Rob Porter’s interim clearance is akin to a bank manager’s saying to Willie Sutton: "Well Mr. Sutton, you dress well and appear to have good manners. I'm sure you are a fine fellow. We do not just give the keys to our vault to anyone but I feel confident in leaving these with you. I know you won't betray me.”

2. Temporary protected status that is permanent.

Again, the concept itself is something of a dog’s breakfast, at least as it relates to Haiti.

When a big earthquake hit that country Haitians who happened to be in the United States, just visiting, were told they could stay.

Why they would want to stay is a question. Most people, when their property is at risk, cannot wait to get back to it to protect or perhaps to rebuild it. We have seen, following fires in California and floods in Texas, that sheriff’s deputies had to be stationed outside the destroyed areas to keep people from going back too soon.

You would think that the Haitians would want to go back to protect their property.

Some years ago I was talking with a friend who had been a missionary in Bolivia, and he was saying that a wealthy acquaintance of his who collected antique airplanes had asked him if, while he was traveling about the back roads of Bolivia, he would keep an eye open for any 1930s era Aeronca or similar plane that perhaps had been left in a barn and was untouched. My friend the missionary said that his wealthy friend did not understand what it means to be poor.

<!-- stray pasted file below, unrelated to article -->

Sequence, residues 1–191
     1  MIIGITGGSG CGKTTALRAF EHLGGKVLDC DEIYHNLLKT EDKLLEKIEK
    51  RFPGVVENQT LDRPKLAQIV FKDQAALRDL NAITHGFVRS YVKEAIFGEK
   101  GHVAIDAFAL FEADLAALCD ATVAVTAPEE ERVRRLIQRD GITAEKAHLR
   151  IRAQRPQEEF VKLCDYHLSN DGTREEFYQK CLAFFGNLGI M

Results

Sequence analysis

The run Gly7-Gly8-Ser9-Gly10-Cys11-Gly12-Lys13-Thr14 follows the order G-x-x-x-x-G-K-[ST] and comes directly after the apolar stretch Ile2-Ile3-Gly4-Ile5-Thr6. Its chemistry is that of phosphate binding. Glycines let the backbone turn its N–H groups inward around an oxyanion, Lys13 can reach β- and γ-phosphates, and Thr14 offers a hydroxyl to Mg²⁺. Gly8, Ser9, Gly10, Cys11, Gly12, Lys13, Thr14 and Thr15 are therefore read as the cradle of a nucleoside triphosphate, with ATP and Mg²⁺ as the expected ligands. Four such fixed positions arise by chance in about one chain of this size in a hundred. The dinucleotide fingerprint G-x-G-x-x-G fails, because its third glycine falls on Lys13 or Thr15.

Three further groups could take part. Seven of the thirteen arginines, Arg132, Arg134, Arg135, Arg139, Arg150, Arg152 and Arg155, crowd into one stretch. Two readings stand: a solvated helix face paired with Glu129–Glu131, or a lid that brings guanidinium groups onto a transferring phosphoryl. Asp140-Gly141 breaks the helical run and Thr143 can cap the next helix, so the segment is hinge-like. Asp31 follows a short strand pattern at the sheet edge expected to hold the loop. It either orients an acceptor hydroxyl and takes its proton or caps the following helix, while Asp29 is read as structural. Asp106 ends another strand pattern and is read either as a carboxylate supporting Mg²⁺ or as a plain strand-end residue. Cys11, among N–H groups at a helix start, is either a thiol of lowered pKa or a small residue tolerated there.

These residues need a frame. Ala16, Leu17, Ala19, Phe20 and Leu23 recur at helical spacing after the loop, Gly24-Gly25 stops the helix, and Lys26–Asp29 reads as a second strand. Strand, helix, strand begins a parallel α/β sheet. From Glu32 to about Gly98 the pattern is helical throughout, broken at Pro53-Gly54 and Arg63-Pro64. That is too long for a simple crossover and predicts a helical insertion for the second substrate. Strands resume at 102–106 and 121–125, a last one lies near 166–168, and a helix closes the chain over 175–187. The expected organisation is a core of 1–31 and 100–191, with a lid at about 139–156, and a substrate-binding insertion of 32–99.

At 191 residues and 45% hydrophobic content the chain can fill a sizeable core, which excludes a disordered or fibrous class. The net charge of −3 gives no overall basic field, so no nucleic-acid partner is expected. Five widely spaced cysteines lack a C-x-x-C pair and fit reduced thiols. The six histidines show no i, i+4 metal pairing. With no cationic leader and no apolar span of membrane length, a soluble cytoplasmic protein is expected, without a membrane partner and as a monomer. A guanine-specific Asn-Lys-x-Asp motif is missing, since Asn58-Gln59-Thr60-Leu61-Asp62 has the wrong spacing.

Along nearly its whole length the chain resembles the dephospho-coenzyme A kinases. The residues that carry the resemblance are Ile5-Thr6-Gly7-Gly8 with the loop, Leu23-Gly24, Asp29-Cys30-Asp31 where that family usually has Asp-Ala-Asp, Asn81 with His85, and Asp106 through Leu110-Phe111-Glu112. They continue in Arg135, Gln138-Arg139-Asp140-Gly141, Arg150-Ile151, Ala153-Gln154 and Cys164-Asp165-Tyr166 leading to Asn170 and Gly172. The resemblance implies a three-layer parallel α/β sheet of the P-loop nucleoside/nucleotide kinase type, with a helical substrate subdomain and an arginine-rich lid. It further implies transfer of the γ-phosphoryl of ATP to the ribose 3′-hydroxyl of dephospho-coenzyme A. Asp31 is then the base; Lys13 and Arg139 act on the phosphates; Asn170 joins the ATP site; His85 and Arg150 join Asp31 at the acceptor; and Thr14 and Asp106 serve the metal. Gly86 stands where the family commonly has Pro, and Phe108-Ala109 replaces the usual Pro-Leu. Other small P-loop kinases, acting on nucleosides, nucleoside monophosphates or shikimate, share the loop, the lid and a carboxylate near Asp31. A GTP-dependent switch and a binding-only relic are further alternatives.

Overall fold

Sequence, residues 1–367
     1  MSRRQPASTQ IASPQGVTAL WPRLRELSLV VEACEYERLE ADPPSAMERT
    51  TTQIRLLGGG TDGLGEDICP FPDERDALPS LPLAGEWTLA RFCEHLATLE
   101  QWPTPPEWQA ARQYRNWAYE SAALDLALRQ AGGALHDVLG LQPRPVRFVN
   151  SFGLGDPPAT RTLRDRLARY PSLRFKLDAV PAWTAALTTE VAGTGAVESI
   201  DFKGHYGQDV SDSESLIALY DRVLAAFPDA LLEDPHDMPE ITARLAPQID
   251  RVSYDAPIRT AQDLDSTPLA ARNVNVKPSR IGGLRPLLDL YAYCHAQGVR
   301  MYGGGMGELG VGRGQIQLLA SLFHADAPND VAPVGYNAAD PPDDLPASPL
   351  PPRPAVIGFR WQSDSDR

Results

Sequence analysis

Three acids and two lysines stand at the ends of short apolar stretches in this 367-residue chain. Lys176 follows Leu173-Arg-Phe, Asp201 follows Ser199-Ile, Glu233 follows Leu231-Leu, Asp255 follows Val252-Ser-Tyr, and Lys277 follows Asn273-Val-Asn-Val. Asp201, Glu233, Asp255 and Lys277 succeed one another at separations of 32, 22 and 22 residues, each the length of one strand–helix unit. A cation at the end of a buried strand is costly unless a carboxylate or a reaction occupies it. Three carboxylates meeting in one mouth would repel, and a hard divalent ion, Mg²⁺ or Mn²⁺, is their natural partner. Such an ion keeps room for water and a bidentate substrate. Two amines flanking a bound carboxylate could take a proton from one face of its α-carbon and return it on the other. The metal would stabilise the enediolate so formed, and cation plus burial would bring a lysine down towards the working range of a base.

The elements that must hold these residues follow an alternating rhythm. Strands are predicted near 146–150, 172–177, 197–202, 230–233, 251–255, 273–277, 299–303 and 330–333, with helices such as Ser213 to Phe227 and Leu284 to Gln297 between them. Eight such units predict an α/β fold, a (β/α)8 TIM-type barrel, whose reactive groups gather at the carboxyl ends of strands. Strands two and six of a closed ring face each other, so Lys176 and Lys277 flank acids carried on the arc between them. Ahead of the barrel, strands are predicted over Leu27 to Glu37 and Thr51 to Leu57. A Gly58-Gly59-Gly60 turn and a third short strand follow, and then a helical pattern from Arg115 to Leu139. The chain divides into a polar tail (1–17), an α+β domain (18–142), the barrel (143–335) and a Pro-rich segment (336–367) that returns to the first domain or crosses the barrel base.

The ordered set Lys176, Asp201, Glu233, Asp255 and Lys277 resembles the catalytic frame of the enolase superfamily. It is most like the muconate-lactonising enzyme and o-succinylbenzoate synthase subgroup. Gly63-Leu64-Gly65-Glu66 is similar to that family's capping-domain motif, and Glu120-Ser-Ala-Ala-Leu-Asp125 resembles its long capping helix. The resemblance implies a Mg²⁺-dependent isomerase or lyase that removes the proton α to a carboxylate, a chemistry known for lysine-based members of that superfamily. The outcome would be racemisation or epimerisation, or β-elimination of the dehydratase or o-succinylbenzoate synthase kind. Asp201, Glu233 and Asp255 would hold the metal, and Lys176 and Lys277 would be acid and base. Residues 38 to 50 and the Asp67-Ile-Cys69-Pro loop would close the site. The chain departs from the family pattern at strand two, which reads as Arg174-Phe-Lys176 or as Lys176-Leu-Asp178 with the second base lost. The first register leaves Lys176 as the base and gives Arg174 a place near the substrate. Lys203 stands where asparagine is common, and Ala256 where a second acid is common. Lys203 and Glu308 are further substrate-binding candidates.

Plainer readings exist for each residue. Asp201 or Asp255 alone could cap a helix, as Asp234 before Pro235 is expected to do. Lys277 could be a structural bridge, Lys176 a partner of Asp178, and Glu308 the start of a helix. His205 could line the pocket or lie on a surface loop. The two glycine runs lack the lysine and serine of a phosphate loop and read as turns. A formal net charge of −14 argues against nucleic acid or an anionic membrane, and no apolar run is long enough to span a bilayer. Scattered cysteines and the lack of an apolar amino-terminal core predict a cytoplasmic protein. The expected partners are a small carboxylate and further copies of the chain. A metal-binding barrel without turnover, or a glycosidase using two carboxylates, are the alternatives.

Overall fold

“If anyone had left an airplane in a barn, the local people would've dismantled it and used the pieces to put roofs on their houses."

It has been many years since Haitians who have temporary protected status in the United States have been back to their homes, presumably; but if they do go back they are not likely to find anything.

I suppose that's an argument for allowing them to continue to stay in the United States, but it looks more like a misstep by our government, setting up these people to lose their property to squatters or local government authorities or whoever will end up in possession of it down there.